Insects and Diseases: Two-spotted Spider Mite (Tetranychus urticae)

link to pdfHOST PLANTS:
Wide host range; including Evergreens, Cedars, Maple, Elm and Redbud.


Attacked leaves become dull-coloured, bronzed or bleached foliage. Leaves may have stippled appearance and webbing may be present. Check underside of leaves for tiny mites and webs. Mites balloon on webbing to reach new food sources.


They can be found nearly any time of year, especially during hot, dry weather. Multiple generations occur each season. Two Spotted Spider Mite overwinter as adult mites in the soil or media around host plants. These mites are very tiny; a hand lens will be needed to see the two faint black spots on their backs.


Mites are not insects; many insecticides are not effective against mites. When choosing a specific miticide, look for one that will spare predatory mites. Predatory mites and other natural enemies help to control populations. Soaps and horticultural oils can also be effective and will not have as lasting an impact on natural enemies. Treat leaf undersides when mites appear and repeat as needed. Monitor for mites by shaking a branch over a sheet of white paper and looking for tiny, moving specks. Two Spotted Spider Mite does not overwinter on the plant and populations are not reduced with a dormant oil treatment.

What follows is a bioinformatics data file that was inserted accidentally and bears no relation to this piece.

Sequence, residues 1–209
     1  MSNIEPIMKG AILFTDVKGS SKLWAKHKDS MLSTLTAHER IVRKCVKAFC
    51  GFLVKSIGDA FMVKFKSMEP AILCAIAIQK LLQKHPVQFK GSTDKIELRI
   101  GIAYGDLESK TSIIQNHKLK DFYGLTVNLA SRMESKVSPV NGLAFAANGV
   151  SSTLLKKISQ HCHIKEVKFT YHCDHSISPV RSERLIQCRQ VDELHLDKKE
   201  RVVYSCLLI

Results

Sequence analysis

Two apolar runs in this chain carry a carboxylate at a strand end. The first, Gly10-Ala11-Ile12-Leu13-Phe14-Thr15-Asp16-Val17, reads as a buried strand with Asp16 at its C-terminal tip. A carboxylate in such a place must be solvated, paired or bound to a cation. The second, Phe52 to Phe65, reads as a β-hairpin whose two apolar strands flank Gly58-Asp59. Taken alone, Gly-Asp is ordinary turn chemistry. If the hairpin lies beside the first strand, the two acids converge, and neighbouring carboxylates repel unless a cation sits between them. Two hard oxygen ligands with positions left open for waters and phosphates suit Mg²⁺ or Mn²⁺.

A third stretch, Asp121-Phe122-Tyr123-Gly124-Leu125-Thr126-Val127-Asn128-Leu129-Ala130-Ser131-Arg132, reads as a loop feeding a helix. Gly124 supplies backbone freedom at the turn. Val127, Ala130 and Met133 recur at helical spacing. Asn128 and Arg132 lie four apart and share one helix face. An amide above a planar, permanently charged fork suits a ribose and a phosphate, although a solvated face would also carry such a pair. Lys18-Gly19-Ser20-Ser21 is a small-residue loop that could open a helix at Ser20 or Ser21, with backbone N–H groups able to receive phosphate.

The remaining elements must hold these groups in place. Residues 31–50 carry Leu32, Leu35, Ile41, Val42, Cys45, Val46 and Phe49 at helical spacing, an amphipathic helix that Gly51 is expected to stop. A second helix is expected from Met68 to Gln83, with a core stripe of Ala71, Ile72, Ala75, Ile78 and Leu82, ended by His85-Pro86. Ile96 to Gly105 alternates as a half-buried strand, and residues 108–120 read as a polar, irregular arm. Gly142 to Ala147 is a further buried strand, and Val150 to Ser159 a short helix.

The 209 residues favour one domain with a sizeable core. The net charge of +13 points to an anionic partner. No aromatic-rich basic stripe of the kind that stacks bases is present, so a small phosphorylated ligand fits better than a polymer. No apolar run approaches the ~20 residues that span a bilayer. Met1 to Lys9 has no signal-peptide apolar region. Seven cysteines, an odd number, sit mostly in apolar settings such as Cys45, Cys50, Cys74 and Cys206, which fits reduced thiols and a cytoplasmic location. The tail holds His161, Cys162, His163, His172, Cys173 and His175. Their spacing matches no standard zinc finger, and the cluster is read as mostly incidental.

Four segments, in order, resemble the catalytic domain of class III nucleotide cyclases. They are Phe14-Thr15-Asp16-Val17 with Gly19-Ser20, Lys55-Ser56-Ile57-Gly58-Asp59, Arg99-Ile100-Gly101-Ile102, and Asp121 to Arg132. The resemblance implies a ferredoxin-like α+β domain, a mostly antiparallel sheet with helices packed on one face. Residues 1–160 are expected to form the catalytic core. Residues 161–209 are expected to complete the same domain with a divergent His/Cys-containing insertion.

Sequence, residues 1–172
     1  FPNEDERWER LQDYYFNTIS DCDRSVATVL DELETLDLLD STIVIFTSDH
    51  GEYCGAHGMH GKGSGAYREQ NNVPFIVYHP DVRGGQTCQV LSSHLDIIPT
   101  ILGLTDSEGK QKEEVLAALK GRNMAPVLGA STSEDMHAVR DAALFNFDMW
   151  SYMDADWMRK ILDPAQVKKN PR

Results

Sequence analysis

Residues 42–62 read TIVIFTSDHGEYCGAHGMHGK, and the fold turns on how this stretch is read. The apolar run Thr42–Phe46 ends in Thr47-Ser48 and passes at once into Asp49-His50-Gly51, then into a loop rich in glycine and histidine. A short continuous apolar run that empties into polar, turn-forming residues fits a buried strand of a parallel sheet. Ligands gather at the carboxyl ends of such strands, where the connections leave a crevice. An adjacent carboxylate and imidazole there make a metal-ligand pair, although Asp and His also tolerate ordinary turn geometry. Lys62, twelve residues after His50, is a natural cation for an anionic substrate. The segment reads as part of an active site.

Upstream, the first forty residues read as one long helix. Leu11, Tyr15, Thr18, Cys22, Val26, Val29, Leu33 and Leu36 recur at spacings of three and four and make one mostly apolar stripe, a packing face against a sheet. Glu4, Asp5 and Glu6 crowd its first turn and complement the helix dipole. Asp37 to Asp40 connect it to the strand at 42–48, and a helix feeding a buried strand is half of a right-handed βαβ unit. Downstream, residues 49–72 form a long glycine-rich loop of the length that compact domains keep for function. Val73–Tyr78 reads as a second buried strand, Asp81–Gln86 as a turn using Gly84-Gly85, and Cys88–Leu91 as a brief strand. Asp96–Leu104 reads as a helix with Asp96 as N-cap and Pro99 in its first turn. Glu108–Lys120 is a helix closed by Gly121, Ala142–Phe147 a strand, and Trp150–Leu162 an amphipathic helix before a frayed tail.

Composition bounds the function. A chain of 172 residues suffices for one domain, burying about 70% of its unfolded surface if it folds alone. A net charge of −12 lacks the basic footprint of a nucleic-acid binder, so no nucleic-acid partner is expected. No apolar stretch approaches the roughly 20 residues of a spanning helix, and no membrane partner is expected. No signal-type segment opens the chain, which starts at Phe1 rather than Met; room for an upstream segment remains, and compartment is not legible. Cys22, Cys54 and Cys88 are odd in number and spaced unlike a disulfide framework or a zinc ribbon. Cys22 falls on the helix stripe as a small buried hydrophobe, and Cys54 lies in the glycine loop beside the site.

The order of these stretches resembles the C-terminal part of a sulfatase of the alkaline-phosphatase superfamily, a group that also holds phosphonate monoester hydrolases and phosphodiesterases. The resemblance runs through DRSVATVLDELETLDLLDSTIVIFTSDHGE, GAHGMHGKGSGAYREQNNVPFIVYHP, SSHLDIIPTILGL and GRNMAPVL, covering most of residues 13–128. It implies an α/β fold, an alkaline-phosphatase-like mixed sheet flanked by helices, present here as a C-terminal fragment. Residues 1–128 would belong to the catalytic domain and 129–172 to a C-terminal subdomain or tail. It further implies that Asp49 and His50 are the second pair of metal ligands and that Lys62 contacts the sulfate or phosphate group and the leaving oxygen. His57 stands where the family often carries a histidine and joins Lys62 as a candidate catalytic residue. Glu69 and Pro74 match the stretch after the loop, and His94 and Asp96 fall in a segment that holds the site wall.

two spotted spider mite

wo spotted spider mite

wo spotted spider mite

REFERENCES: A Pocket IPM Scouting Guide for Woody Landscape Plants; By Diane Brown-Rytlewski Publication 383; Ministry of Agriculture, Food and Rural Affairs